In Django ORM, we have created a new model field overriding the existing field. And replaced some methods that we use to insert or retrieve data from a table. Whenever we use an ORM query that passes through these methods and performs encryption or decryption activity. We are not doing anything on the database level as the database considers that encrypted value as a normal string and while retrieving that data, decrypt that data first if possible by using a secret key and return it in a readable format if it is not decryptable then return it as is. This solution handles both unencrypted and encrypted data during data retrieving time.
There are no major cons to this approach, but since the encryption and decryption would add some processing time irrespective of which approach we chose, we evaluated the performance impact of this change. Please refer to the appendix for detailed performance results.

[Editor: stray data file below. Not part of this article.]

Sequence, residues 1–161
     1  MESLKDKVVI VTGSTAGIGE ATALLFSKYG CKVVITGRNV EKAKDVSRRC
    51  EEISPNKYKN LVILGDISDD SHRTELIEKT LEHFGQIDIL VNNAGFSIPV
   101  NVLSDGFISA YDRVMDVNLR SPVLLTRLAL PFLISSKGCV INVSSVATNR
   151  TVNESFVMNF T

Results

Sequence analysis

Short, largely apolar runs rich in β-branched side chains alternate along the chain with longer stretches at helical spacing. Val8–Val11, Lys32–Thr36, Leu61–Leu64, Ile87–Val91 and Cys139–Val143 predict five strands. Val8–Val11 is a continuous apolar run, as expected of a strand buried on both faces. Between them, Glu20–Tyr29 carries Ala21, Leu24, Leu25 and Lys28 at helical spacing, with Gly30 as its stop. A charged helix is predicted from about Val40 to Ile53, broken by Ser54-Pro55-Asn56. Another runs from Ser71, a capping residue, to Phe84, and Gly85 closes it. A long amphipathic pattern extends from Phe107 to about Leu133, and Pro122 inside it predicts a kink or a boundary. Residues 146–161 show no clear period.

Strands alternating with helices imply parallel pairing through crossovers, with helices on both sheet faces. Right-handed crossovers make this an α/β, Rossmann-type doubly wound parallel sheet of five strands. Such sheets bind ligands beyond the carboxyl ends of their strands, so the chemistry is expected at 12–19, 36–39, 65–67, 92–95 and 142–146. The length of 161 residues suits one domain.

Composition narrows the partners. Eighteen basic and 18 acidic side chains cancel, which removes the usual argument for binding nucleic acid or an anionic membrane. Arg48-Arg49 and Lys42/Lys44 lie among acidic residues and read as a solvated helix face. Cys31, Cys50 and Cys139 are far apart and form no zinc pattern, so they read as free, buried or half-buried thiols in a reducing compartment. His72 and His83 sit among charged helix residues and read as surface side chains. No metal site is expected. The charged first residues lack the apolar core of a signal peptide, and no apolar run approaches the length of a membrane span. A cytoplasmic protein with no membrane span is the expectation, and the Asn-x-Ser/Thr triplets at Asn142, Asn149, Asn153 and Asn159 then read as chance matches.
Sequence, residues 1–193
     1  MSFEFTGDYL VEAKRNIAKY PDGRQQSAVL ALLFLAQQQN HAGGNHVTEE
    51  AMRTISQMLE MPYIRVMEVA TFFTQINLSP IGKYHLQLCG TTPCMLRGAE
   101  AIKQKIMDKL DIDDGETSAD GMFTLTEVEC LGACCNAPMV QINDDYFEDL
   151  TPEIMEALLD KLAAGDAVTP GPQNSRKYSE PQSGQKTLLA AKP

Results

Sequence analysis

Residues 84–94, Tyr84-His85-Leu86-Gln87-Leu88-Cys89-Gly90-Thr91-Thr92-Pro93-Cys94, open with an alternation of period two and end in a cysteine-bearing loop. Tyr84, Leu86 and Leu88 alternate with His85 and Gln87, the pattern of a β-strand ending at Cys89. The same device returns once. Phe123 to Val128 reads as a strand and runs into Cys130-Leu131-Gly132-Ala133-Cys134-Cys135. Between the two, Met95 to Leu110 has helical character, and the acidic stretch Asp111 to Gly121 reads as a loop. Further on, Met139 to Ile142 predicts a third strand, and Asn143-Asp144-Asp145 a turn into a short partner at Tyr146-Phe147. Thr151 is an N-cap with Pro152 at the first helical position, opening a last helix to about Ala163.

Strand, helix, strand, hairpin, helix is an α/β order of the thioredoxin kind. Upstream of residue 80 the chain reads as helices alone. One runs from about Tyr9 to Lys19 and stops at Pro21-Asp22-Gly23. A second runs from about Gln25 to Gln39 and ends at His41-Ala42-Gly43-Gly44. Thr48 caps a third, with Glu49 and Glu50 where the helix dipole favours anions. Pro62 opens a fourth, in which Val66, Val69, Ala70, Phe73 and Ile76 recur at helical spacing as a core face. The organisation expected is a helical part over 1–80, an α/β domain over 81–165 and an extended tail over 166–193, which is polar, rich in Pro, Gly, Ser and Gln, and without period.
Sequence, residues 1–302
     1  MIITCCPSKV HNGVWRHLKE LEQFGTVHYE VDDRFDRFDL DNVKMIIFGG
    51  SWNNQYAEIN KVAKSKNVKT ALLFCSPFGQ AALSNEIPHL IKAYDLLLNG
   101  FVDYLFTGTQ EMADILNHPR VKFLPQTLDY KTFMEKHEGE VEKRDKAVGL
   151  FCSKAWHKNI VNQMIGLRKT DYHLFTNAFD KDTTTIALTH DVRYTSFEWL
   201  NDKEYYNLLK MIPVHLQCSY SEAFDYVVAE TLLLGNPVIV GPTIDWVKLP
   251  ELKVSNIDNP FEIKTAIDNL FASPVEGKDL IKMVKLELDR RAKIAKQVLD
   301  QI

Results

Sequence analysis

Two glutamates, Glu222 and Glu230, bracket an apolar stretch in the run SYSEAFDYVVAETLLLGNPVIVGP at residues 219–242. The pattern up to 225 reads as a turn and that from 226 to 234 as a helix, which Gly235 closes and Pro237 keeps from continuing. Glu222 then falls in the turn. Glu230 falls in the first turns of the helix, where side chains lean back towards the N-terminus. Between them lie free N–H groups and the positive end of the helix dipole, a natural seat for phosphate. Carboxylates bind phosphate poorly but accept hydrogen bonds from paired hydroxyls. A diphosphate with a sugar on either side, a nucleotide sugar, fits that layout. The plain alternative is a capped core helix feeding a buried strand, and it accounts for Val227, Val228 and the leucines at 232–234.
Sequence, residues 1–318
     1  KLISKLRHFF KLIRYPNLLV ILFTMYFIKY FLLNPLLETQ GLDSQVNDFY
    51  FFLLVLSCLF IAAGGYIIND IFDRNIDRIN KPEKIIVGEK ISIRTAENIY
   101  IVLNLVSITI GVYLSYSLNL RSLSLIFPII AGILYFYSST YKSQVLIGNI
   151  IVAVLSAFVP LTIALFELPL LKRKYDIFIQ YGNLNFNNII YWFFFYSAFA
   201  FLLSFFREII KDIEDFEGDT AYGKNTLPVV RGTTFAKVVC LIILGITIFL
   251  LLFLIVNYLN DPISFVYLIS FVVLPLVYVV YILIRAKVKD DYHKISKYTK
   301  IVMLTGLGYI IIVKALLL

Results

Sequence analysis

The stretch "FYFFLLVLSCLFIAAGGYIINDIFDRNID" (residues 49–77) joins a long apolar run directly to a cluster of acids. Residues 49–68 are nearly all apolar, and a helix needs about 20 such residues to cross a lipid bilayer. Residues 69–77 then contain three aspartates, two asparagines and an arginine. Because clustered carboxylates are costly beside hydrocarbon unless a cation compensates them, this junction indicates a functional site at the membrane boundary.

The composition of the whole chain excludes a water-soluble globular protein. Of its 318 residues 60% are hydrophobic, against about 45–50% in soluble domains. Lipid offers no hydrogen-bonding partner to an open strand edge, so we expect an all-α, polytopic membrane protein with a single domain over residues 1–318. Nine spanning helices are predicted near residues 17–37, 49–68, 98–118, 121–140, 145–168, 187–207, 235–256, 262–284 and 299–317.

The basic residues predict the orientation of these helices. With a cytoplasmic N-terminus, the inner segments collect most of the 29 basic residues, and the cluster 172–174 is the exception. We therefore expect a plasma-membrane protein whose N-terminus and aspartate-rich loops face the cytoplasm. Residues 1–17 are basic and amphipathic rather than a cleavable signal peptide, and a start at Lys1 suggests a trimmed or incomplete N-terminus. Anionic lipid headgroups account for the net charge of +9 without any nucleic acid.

Given there were no downsides to this approach, we finalized this approach.
How did we deploy this change to production/challenges
As a platform, we have a multi-region deployment. To reduce the surface area for this change and release in a controlled fashion, we deployed it in a single region first, before rolling it out in the other regions.
Additionally, we deployed decryption-related changes first so it will not affect historical data as well as newly encrypted data on data retrieval time. The main reason to do this is that we have multiple instances for request handling on a single region. So it takes some minutes to deploy and restart on all those instances and in between that time if the user tries to insert any data it will get inserted in an encrypted format but the user can see that encrypted data during the chat, which is wrong, to avoid that situation we deployed decryption logic first.